High demand for COVID-19 shots continues despite Johnson & Johnson setback

  • Jeff Klingberg of Hampshire gets a COVID-19 shot at a Kane County vaccination site in Batavia in March. A total of 3,093,820 Illinoisans have been fully vaccinated.

      Jeff Klingberg of Hampshire gets a COVID-19 shot at a Kane County vaccination site in Batavia in March. A total of 3,093,820 Illinoisans have been fully vaccinated. Rick West | Staff Photographer, March 2021

Updated 4/16/2021 6:28 AM

Despite the federal government's pause on the use of Johnson & Johnson's COVID-19 vaccine as authorities study side effects, thousands of residents are eager to sign up for shots, suburban health departments said Thursday.

"Demand still exceeds supply of vaccine," Kane County Health Department public information officer Susan Stack said.


In Will County, "appointments are still filling at all of our sites," health department spokesman Steve Brandy said.

Federal experts are scrutinizing six rare cases of blood clots that occurred in women who received J&J's one-dose COVID-19 vaccine, which caused Illinois on Tuesday to suspend its distribution. The state is continuing to use two-dose vaccines from manufacturers Pfizer-BioNTech and Moderna.

"We continue to book all our appointment slots and remain hopeful that the increasing vaccine supply we have seen in recent weeks continues," Cook County Health spokeswoman Elizabeth Pedersen said.

Despite fears about increased hesitancy stemming from the J&J developments, demand for vaccination remains high locally.

"Tuesday and Wednesday were our highest vaccine dates yet," Pedersen said, noting all sites are at capacity with more than 13,000 shots administered Tuesday and more than 14,000 Wednesday.

Lake County Health Department Executive Director Mark Pfister also reported high demand. "Slots are not filling as quickly -- as we believe individuals are shopping for their most convenient option -- but slots are still filling," he said.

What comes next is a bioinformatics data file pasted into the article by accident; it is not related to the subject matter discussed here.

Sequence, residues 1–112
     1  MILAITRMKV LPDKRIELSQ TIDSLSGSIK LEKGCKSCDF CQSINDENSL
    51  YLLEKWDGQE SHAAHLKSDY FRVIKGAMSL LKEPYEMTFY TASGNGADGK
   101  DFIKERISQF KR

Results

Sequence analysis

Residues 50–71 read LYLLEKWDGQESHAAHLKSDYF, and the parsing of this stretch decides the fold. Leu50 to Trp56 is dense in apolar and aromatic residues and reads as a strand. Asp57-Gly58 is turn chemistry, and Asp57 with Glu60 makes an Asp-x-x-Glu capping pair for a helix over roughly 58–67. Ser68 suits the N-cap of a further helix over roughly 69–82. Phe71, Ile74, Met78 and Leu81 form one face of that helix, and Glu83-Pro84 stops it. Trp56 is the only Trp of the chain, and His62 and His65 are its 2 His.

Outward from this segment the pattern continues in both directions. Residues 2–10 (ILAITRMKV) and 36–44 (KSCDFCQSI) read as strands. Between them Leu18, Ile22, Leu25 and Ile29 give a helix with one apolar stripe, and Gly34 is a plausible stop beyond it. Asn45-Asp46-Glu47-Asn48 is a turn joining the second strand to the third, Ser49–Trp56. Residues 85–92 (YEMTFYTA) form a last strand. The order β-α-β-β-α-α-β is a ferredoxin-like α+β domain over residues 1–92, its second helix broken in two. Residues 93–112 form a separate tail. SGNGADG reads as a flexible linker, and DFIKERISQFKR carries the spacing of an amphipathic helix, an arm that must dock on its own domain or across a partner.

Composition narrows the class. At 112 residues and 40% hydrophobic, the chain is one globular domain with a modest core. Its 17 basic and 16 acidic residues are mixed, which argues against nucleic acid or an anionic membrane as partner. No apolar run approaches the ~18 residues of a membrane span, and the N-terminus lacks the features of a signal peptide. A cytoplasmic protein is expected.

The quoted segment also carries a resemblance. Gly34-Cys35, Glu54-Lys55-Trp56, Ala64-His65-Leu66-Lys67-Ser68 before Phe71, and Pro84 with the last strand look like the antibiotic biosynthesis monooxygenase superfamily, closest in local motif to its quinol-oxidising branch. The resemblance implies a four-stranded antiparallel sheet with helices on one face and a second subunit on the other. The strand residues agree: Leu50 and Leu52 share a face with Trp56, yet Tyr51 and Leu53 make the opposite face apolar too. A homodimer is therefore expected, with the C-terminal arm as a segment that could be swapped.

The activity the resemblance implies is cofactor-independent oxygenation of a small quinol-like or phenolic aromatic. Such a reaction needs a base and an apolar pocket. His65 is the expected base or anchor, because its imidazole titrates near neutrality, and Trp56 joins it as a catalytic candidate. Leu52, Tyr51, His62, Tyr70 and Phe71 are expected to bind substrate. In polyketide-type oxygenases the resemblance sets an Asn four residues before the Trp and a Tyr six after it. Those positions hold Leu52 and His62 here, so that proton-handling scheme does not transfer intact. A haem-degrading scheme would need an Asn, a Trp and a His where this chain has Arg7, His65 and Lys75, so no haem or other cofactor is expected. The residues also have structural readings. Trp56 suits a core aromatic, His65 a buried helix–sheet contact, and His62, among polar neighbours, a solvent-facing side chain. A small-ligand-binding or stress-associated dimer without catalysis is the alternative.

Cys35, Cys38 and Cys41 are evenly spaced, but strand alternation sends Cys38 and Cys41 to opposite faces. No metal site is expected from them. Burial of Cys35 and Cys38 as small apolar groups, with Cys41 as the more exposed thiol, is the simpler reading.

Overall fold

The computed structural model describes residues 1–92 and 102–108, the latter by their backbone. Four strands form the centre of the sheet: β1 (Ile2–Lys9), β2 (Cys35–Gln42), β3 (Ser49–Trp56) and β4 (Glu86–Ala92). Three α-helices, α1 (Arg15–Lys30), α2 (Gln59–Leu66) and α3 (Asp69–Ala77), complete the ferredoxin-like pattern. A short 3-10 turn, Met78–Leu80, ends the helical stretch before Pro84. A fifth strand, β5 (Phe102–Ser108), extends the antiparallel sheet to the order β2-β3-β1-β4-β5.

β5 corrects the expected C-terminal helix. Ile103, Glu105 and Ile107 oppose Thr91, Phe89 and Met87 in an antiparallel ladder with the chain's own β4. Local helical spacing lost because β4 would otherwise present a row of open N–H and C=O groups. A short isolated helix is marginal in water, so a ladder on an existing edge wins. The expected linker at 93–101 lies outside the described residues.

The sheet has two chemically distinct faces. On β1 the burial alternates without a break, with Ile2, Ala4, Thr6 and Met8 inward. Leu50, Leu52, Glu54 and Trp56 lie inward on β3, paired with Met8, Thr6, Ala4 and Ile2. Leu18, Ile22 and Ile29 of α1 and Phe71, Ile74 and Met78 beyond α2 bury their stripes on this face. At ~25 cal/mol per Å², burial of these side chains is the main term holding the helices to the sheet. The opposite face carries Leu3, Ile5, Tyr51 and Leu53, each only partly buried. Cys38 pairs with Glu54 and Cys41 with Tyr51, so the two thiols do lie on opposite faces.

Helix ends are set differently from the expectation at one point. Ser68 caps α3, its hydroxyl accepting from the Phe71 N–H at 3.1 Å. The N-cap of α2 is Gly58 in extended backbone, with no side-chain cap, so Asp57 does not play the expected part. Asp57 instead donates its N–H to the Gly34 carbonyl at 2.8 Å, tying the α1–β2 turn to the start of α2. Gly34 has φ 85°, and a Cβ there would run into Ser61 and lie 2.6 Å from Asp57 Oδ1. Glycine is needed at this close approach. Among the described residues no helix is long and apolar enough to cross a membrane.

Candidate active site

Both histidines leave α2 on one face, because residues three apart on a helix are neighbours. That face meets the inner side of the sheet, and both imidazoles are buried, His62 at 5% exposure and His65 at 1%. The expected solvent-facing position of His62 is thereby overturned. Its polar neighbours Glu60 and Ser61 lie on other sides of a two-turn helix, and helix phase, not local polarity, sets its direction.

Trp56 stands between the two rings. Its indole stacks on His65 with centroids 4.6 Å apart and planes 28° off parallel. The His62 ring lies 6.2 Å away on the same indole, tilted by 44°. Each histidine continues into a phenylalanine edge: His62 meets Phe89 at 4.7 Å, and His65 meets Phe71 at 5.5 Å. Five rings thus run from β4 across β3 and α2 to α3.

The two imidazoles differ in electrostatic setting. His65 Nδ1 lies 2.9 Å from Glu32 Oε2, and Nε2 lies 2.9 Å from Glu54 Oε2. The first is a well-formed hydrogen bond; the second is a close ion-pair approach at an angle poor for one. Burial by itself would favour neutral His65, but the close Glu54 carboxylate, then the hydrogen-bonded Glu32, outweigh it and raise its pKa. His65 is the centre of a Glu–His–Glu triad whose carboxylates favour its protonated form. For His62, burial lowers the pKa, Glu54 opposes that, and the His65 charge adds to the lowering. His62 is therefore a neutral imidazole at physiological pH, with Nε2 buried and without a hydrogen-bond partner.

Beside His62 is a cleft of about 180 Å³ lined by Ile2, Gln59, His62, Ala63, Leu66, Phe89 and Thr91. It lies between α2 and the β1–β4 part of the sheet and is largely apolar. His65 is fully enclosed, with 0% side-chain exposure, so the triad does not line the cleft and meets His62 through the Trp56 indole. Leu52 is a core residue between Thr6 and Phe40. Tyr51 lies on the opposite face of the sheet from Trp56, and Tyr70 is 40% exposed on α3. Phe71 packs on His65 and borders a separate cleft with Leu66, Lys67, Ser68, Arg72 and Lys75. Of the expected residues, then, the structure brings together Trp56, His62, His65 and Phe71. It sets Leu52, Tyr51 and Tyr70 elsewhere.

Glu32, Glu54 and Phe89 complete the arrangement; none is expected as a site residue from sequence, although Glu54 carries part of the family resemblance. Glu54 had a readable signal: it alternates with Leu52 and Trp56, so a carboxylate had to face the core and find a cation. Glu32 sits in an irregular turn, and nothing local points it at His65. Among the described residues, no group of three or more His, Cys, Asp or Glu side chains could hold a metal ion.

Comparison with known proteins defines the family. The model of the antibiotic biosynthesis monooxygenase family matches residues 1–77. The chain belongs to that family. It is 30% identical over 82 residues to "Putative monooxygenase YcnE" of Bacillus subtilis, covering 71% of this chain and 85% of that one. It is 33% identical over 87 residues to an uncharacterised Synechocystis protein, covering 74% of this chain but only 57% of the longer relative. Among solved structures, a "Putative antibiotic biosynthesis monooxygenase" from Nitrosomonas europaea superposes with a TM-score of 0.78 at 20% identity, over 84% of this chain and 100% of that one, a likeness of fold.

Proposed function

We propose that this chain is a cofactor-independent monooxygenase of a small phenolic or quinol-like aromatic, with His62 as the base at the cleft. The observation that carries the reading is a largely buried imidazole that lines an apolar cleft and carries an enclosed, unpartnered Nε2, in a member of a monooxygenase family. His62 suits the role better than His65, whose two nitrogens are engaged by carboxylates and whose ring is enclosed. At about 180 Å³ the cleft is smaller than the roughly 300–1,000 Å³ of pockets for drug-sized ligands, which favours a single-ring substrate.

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Averages for new COVID-19 infections went down for the second day in a row at the same time averages for daily inoculations dipped, Illinois Department of Public Health data showed.

On Wednesday, 129,755 more COVID-19 shots were administered. The seven-day average for vaccinations is 129,317, a decrease compared to tallies announced Monday through Wednesday, when inoculation averages were in the 132,000-plus range.

"The seven-day average includes the weekend when we typically see lower numbers, and daily numbers do fluctuate," IDPH spokeswoman Melaney Arnold said.

The latest health metrics come in a week when the state expanded vaccine eligibility to all Illinoisans age 16 and older, which was expected to cause a surge in demand.


New cases of COVID-19 totaled 3,581 Thursday with 40 more deaths from the respiratory disease. The death toll announced Thursday was the highest since March 11, when 55 fatalities were reported. However, deaths are averaging 21 a day in April compared to nearly 26 in March.

Eleven of the deaths reported Thursday were in Cook County, two in DuPage, one in Lake, one in McHenry and four in Will counties. The 21 others were spread among 19 downstate counties.

Fourteen who died were in their 80s, nine in their 90s, seven in their 70s, seven in their 60s, two in their 50s and one in her 40s.

The seven-day average of new cases was 3,331.

Illinois hospitals were treating 2,043 COVID-19 patients Wednesday night, higher than the seven-day average of 1,945.

The federal government has delivered 9,636,355 doses of vaccine to Illinois since distribution began in mid-December, and 7,612,405 shots had been administered as of midnight Wednesday.

So far, 3,093,820 people -- nearly 25% of Illinois' 12.7 million residents -- have been fully vaccinated. Vaccines manufactured by Pfizer and Moderna require two doses several weeks apart.

The state's seven-day average case positivity rate sits at 4.2%.

Total cases statewide stand at 1,292,515, and 21,609 Illinoisans have died since the pandemic began.

Labs processed 105,661 virus tests in the last 24 hours.

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